Students submit to their instructors photos, usually taken with their smart phones, to document the experiment or activity step by step. “Submitting photographic evidence has been a big help along the way,” Skyles said.

Although prepared kits are readily available for biology and chemistry classes, engineering lab courses require a little improvising because few companies sell pre-made kits for engineering experiments, Skyles said. This could include the instructor buying, or having students buy, some project materials at a local hardware store, she said.

What Worked (and Why): The first thing the DELTA Labs group had to do was win over skeptical faculty members. The name greatly helped, Skyles said: “Faculty on a STEM campus are reluctant to listen to ideas about 'online learning.' Calling it something different [than online] can be extremely helpful.”

As for the labs, they've been successful because each one is designed to fit the course's unique needs and they've allowed many more students to take associated labs, she said.

What Didn’t (and Why): The DELTA Labs team has had to plan carefully about how to dispose of the experiment materials. If kits are purchased, the team sometimes follow the vendors’ recommended procedures, but other times the group comes up with its own methods. 

For example, kit vendors don't account for students enrolled in an general chemistry lab who are living on campus, Skyles said. If the students lived in different towns, disposing the chemicals in their local water system would be fine because the chemicals would be distributed in extremely small quantities. “But multiplied 1,200 times, it might not be safe to dump them down one drain" in the bathroom of a residence hall, the instructional designer said.

To address this issue, residential students are required to turn in their chemical compositions at a campus building. DELTA Labs' staff works closely with the university's health and safety office to ensure the chemicals are disposed properly, Skyles said. Disposal of biology and engineering lab kits isn't an issue because students are spread out among online, in-person and blended courses, she added.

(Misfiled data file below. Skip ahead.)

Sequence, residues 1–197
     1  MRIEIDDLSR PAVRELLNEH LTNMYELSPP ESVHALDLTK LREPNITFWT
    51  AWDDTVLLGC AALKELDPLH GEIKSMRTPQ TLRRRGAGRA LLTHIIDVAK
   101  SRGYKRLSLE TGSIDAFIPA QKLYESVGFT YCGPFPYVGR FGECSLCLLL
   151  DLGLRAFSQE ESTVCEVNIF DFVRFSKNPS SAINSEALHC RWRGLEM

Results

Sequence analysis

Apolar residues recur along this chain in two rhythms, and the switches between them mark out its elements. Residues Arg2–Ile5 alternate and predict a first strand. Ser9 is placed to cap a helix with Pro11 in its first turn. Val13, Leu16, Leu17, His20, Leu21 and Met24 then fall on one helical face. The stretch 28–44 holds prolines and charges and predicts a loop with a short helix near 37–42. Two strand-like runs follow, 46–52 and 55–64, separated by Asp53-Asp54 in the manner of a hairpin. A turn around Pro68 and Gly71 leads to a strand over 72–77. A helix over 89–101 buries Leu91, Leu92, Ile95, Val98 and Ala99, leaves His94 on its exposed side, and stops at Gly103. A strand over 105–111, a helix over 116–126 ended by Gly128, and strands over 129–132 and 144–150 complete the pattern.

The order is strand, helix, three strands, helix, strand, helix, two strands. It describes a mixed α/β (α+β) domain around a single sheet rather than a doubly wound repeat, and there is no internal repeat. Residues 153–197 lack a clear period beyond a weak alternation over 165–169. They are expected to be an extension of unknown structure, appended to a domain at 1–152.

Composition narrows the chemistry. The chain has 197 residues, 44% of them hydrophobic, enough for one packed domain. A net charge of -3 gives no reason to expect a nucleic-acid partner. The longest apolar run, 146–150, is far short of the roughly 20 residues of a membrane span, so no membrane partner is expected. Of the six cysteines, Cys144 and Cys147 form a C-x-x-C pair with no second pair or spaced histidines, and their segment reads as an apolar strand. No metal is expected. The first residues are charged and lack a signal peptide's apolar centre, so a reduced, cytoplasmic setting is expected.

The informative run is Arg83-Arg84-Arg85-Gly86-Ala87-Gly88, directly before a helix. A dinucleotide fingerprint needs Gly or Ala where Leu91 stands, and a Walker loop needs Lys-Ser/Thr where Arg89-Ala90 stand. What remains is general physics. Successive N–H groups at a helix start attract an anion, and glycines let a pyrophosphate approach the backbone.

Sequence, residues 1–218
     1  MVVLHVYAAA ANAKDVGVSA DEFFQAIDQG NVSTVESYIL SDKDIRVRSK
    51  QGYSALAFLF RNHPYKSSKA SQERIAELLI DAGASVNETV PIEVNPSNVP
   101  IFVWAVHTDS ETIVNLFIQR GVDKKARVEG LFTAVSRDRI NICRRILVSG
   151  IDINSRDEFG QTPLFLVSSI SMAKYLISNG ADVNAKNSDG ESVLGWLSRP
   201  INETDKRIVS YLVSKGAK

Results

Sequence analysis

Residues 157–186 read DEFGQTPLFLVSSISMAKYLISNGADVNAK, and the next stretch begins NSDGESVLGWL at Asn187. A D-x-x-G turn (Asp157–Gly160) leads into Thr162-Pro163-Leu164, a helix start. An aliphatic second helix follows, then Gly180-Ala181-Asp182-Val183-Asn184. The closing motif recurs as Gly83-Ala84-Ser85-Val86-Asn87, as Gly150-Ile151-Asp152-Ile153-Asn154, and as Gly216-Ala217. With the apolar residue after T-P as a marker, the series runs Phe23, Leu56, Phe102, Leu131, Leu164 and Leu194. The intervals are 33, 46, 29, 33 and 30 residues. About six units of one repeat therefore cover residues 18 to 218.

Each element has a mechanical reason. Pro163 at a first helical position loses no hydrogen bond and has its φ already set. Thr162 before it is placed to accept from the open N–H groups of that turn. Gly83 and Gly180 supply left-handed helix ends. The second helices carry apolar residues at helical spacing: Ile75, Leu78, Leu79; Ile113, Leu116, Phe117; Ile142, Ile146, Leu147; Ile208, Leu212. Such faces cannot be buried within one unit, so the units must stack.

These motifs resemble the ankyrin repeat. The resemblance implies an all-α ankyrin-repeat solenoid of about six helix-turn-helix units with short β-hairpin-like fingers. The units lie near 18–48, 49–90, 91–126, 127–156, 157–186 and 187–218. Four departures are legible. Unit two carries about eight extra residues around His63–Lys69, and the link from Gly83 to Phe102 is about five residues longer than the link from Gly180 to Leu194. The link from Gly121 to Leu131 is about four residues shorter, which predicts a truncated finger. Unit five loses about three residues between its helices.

In addition, DELTA Labs has had to be proactive to meet disability requirements so all students can use the lab kits. One thing the group did was add closed captions to every video it produces that shows students how to conduct the experiments, Skyles said.  

Finally, DELTA Labs works closely with the university's health and safety office to ensure that the lab kits can be used safely in a home or dorm room. According to Skyles, no students or property have been harmed since the program began.

But, she said: "We feel it is extremely important to keep that experiential learning in the activities. They need to actually be doing [experiments].”

Next Steps: Now that the model has had success in online and in-person biology, chemistry and engineering courses, the goal is to incorporate it into the university’s general course offerings, Skyles said. The DELTA Labs team also wants instructional designers to “connect the dots between lecture design and laboratory course design” so the two operate in synchronization, she said.

For more information: In a webinar for the Online Learning Consortium, Skyles and a colleague, Terry Wilson, describe the process of creating and piloting one of the first DELTA Labs courses at Missouri S&T. They plan to lead more webinars and workshops about the model in the coming months.

“I think we can share our failures and … prevent headaches for others because we learned from those failures,” Skyles said. "We would like to be able to share the information we’ve collected so we can save some struggles for others."

In the Trial and Error feature, we're trying to create a space to discuss institutional experiments with digital technologies -- what worked, what didn't and what other colleges can learn from successes and challenges. Send your nominations for future columns to jean.dimeo@insidehighered.com.